Anna Vivian, Trinity ‘16

Athens Collaborators:
Dr. Leda Costaki, Research Archivist, American School of Classical Studies at Athens
Bruce Hartzler, IT Specialist, Agora Excavations, American School of Classical Studies at Athens

Eremitani

Caroline Bruzelius


Ongoing

The Church of the Eremitani in Padua was almost entirely destroyed in the Second World War.  Prior to this terrible event, the church was an important center for the spiritual life of Padua, and contained many important works of art, including a chapel decorated with monumental frescoes by Mantegna.  Although the building is reconstructed, the restorers themselves made a series of strategic decisions about what and how to repair the monument. Only isolated fragments of Mantegna’s majestic cycle survive, applied to large-scale photographic images of the frescoes prior to their demolition.

This project consists of a complete laser scan and a reconstruction of the church in relation to successive phases of modifications and additions since the early fourteenth century.  The project engages with the long history of the Eremitani church as the aggregate of human interventions that added, removed, changed and reconceptualized different parts of the monument over time.

Watch brief video presentations of the project:




Ghett/App

Victoria Szabo, Paolo Borin, Ludovica Galeazzo

2016

The Ghett/App mobile application was developed by Paolo Borin, Ludovica Galeazzo and Victoria Szabo of the Visualizing Venice team to complement the physical exhibition “Venice, the Jews and Europe 1516-2016,” which was held at the Palazzo Ducale in Venice from June 19 – November 13, 2016. Ghett/App is a augmented reality multimedia app designed to be used on-site in the Venetian Ghetto.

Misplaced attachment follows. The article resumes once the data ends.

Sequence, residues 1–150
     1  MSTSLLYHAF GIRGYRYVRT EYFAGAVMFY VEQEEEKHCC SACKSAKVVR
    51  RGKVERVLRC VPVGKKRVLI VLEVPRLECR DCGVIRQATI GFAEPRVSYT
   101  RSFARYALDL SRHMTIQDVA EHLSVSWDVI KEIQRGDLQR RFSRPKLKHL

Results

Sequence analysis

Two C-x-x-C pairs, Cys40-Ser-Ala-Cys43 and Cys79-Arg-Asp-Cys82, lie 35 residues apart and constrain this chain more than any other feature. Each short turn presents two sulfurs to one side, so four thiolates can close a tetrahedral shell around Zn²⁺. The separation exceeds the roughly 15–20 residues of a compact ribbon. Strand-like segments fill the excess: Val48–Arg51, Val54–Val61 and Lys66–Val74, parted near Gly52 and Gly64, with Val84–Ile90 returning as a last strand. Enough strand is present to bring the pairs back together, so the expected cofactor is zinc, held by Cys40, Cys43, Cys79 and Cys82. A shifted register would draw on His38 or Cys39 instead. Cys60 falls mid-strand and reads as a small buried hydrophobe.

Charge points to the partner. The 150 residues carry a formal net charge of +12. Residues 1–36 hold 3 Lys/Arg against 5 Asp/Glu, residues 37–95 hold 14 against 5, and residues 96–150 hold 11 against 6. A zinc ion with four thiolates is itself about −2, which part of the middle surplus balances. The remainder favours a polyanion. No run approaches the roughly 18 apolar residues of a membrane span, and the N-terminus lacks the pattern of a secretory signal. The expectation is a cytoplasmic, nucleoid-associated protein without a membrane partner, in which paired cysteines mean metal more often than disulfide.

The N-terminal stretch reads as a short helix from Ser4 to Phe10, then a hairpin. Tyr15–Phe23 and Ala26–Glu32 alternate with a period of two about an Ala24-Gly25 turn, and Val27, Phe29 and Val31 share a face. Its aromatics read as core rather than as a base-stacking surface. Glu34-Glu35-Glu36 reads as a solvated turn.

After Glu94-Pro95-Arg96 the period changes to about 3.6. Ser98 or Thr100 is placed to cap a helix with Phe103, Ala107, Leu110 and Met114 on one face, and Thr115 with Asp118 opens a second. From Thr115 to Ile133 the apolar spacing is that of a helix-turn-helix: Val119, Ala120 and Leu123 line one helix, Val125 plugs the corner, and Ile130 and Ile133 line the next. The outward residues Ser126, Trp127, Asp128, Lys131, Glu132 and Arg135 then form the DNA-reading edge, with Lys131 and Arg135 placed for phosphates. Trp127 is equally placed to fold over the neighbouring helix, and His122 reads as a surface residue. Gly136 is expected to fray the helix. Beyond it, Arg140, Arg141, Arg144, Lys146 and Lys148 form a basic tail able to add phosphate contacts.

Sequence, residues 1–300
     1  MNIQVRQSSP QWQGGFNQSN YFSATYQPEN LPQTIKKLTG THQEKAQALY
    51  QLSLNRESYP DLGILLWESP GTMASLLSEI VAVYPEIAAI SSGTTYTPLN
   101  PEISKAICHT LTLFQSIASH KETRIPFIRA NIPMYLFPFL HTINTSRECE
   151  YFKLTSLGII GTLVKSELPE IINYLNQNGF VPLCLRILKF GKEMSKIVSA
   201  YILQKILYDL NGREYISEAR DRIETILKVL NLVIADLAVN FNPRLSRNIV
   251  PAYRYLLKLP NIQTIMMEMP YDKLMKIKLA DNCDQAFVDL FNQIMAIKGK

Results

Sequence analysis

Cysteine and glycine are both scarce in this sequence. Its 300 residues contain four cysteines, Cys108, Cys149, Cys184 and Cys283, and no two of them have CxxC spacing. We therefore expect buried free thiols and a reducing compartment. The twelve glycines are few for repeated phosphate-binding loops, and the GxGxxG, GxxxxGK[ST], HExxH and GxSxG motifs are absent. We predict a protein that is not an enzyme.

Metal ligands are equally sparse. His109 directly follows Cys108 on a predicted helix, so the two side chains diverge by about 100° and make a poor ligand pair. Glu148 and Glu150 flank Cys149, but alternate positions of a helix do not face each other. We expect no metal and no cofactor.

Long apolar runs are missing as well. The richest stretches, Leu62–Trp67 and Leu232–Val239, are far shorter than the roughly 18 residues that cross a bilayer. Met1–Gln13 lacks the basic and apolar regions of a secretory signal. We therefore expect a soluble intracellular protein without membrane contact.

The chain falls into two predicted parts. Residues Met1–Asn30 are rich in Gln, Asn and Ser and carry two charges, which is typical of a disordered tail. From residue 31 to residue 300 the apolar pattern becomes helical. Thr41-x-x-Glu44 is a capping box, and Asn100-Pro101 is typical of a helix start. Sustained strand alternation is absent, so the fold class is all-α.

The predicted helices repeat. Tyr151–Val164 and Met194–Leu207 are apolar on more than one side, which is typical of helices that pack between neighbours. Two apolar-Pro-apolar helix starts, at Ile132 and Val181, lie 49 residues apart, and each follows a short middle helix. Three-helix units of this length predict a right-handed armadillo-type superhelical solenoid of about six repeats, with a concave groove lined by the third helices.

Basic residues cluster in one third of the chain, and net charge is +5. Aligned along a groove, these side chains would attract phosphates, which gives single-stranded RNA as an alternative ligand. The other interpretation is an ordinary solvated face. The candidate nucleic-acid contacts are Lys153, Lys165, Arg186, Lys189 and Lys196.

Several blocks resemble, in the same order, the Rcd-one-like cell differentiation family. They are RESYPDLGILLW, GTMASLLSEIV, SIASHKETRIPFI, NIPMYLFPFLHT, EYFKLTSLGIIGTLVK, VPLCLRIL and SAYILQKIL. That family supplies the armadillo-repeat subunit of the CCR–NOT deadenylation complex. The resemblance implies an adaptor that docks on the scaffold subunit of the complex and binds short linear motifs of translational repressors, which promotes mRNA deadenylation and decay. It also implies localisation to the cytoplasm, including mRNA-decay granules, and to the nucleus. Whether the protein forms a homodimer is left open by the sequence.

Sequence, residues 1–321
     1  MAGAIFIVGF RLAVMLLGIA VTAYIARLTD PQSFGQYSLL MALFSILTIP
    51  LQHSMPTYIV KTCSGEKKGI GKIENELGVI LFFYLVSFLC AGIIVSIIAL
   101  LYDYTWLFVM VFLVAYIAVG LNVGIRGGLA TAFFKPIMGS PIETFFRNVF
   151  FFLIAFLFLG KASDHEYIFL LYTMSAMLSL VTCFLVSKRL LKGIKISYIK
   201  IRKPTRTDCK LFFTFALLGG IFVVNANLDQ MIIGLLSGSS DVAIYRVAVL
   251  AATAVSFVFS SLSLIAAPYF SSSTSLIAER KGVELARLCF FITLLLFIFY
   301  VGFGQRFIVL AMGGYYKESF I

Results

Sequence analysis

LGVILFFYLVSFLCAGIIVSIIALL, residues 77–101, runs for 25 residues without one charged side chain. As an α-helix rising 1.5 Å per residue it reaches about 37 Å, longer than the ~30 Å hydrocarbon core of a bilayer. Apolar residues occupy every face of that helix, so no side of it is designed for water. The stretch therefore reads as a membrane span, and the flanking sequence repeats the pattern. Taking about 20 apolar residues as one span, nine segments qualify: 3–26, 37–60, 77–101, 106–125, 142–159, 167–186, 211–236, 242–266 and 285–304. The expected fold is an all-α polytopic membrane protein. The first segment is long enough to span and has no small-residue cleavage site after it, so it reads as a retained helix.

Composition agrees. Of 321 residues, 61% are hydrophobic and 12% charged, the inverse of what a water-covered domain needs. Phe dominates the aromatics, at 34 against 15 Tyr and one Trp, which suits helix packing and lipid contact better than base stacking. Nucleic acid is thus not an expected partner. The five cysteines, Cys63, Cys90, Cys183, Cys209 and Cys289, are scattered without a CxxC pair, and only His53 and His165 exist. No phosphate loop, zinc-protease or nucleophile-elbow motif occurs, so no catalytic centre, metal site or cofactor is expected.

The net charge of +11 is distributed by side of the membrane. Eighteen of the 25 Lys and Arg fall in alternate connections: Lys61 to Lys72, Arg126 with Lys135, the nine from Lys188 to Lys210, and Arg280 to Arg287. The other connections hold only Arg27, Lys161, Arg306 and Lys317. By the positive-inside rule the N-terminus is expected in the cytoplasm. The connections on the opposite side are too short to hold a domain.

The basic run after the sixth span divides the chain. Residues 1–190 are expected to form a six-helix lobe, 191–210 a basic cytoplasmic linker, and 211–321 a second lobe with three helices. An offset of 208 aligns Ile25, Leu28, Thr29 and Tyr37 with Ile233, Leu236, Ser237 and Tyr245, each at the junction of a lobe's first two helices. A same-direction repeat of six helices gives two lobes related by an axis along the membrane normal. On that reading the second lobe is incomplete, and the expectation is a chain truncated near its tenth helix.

It highlights fourteen geolocated points of interest, drawing attention to the built features of the space as they have changed over time, through text, audio, image, video, and augmented reality experiences. While some of the app content was adapted from the museum exhibition as a way to situate the user, the augmented reality features were designed especially for use on location, and to take advantage of being in the actual space under discussion.

The team layered schematic 3D models of historic buildings with contemporary panorama images in order to demonstrate architectural change over time within the once-enclosed area of the Ghetto. Users can use the phone’s motion features to explore the panorama scenes dynamically. The ghostly edifices of the past rise up through the phone display, highlighting the changing nature of experience in the space. The AR features complement text and audio commentaries in English and Italian that explain the significance of particular structures, as well as the overall history of the area.  While this version of the project was rolled out in conjunction with the exhibition opening, the team plans to continue developing content out of historical research materials, and integrating it into app channels. They hope to include some new materials developed by students in the Visualizing Venice Summer Workshop, as well as to explore other innovative ways to present content through image recognition and other advanced AR techniques.  Szabo plans to include AR storytelling about Venice as a unit in her Digital Storytelling class at Venice International University this Fall as well.


Related Projects

Visualizing Venice

Duke/Durham Ghosts